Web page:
The Docklands is poised for another phase of change. This conversation will explore how artists, members of the diverse local communities and city planners can find common ground. Can we draw on each other’s expertise and experience to consider the expansion of the city afresh? How can we work together to ensure that this historical area develops in a genuinely inclusive way?

Ríonach Ní Néill is currently Galway Dance Artist in Residence, for which she curates the annual Galway Dance Days festival & Corp_Real International Symposium. Her doctoral research was on the development of Dublin City Quays 1960-1994.

Betty Ashe is the External Liaison Co-ordinator at St. Andrew’s Resource Centre, Pearse Street She has been a proactive and vital community representative within the South Docks area for more than 40 years.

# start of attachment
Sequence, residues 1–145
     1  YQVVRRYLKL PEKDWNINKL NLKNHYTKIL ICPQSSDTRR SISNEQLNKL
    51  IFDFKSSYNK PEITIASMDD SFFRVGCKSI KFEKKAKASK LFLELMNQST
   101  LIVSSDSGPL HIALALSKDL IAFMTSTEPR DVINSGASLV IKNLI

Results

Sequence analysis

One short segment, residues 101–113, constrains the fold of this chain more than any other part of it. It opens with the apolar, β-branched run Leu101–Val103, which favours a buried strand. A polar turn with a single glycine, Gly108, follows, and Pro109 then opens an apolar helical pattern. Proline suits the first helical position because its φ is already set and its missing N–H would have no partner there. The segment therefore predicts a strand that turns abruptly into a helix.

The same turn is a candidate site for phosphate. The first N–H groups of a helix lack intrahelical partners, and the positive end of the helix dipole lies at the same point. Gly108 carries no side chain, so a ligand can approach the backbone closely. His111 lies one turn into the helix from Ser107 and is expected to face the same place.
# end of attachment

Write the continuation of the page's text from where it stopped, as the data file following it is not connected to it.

Deirdre Scully is a Senior Planner in Dublin City Council’s Docklands Office. She is focused on implementation of the new Special Development Zone Plan for North Lotts and Grand Canal Quay.

Panel #2: Making space for people in cities

Bernadette Divilly is a choreographer and Dance Movement Therapist. Her research includes Walking Wisdom Woodquay, a collaborative project with Galway City Architect’s Office, which explores relationships between people, city places and creativity.

Seán Harrington is an award winning architect and an expert in sustainable and energy-efficient design. His practice, Seán Harrington Architects, is renowned for its approach to designing public spaces, including the Rosie Hackett Bridge, Granby Park open air theatre and the Meeting House Square Rainscreen Umbrellas in Dublin.